An interesting statistic from our private client base is that a very significant percentage fall into one of two groups:
(1) Those who are about to sell
(2) Those who have just bought
Typically those in (1) have battled with the issue for a long time and now have come to us for a last push to get the property clear and with a guarantee to hand to their conveyance solicitor and give assurance to the buyer.
Typically those in (2) have just settled in to their dream home thinking the move ordeal and cost is over only to discover this new property has existing ‘residents’ who still haven’t left (and have no intention of moving).
People in (2) often pursue the sellers in terms of an undisclosed cost and often the associated stress impact hence people in (1) are advised by their solicitors/estate agents to ‘get it sorted’ before going to market.
When you live in this rat world like we do, you begin to realise just how widespread the issue is so please be assured that the chances of property buyers inadvertently purchasing somebody else’s rat problem is high.
In fact we estimate that around 7% of property sales are prompted by ‘unsolvable’ rodent problems – the seller is simply tired of continually investing in trying to treat the issue and simply wants to move on.
So are some types of building more prone to rat problems then others?
Yes – ultimately all buildings are capable of initiating a resident rat population but some are more prone than others simply by the way they are built, what has been done to them or where they are located.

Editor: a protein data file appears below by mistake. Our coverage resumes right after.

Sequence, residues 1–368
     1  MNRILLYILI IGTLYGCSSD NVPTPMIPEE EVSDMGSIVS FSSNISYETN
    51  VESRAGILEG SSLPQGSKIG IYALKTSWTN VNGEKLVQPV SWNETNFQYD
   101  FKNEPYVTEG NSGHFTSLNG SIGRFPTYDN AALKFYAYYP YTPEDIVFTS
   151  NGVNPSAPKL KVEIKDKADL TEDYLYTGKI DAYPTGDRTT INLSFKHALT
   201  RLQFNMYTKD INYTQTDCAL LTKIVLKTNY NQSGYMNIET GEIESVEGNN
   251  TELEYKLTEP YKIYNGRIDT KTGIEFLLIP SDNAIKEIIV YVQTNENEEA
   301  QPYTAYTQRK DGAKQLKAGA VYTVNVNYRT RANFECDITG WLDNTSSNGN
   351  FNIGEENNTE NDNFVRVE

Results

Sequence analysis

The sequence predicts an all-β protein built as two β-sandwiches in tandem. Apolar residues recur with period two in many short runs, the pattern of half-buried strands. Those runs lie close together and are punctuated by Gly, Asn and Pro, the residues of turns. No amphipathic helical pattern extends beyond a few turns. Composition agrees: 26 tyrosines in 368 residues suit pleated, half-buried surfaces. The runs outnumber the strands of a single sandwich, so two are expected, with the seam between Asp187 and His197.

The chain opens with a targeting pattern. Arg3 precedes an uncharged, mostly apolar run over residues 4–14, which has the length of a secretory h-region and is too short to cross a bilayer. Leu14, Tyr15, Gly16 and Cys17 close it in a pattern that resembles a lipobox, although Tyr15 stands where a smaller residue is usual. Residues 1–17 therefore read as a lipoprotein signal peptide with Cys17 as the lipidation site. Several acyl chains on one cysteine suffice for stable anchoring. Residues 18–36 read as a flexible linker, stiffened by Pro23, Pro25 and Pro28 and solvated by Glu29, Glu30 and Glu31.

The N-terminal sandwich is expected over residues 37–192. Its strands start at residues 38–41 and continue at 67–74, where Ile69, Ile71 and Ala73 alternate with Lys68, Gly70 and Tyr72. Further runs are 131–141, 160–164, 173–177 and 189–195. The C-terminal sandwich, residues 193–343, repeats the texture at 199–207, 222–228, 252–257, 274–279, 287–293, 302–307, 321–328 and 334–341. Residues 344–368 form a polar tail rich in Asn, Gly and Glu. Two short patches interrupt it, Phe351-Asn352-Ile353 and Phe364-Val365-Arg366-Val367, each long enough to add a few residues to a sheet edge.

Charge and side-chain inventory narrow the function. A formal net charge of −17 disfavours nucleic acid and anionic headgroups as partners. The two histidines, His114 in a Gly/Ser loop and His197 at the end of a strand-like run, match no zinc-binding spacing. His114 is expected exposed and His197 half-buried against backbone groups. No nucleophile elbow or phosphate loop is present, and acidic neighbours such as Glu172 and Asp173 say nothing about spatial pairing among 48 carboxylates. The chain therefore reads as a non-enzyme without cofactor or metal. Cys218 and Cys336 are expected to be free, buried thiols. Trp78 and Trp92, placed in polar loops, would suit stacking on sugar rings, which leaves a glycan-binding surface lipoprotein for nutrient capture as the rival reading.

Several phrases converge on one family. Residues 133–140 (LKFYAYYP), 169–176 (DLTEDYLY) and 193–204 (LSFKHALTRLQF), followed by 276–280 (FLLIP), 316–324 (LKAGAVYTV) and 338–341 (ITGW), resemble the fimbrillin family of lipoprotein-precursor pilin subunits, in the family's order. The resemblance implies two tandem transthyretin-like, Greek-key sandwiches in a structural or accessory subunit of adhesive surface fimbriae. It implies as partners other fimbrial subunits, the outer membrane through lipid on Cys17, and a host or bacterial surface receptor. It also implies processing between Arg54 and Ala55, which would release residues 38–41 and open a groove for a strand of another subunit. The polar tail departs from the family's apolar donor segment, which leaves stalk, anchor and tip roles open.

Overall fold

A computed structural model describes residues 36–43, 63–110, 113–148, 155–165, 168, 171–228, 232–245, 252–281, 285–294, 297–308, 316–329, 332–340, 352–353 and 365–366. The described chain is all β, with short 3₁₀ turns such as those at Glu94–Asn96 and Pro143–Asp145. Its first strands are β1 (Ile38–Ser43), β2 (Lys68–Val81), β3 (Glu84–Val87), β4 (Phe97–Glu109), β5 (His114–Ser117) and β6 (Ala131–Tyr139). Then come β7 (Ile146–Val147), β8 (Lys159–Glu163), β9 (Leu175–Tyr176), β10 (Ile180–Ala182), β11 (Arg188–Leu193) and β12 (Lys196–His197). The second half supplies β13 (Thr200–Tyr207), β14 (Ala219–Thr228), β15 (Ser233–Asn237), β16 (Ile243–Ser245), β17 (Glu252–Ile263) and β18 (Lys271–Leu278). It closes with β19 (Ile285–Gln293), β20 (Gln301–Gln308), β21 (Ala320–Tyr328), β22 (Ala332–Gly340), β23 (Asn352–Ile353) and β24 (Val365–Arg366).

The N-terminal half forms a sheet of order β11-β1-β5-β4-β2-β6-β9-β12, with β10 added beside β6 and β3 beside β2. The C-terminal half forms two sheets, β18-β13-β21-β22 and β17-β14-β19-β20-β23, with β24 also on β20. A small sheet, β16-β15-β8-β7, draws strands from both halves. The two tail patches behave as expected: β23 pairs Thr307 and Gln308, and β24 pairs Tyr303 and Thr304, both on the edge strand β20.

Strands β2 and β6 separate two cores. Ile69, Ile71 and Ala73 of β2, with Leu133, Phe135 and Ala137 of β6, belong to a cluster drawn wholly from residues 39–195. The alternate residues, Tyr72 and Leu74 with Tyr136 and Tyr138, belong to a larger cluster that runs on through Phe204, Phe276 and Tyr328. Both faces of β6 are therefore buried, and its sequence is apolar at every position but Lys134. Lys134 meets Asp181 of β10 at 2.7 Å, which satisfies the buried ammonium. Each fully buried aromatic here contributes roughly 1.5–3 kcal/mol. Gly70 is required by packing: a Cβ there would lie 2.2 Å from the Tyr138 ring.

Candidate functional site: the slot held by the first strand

Here are you high risk top 5:
(1) Semi-detached 1930’s/1940’s
1930’s was the first ‘modern house’ and these typically have a large footprint, large garden and side garage.
Buyers therefore like to extend to the side and rear to make them even bigger and it’s these extensions that cause the original drainage layout to get chopped and changed as toilets and bathrooms get moved about.
Often these extensions get done on the cheap as everyone plumbs for the cheapest quote and less than diligent builders end up introducing all manner of drainage defects and substandard drainage in general.
This then allows rats to emerge into the building fabric – additional benefit is that cavity walls are typically present in this era so you can share rats with your immediate neighbour too (and vice versa).
Added layer of complexity are separate surface water and foul water systems – both of these will most likely connect to a sewer and so both will carry rat traffic.
Because of this, both will contribute to the problem if they have been built over.
So lots of contributing factors to consider making rat infestations in these buildings common and also complex (expensive) to remedy.
(2) New builds
Yes rats can be present in buildings even when they are being sold off-plan so don’t think you’re safe buying a brand spanker.
New builds will always have large elements of PVC drainage and this is only 4mm thick plastic and held together with nothing but a rubber seal and some washing up liquid.
On top of that it’s probably been installed by one of the lowest skilled members of the construction site team with the objective of simply lasting long enough to see the project completed and the other side of its liability period.
As a result we see some of the worst assembled drainage on new builds (1980’s onwards) and the tendency to keep stacks internal means any defects also allow rats to emerge already inside the foundations.
Cavity walls will be present allowing rats to freely move between you and your neighbours and often land drains are incorporated on top of the foul and surface systems to give you three total systems to consider and tackle.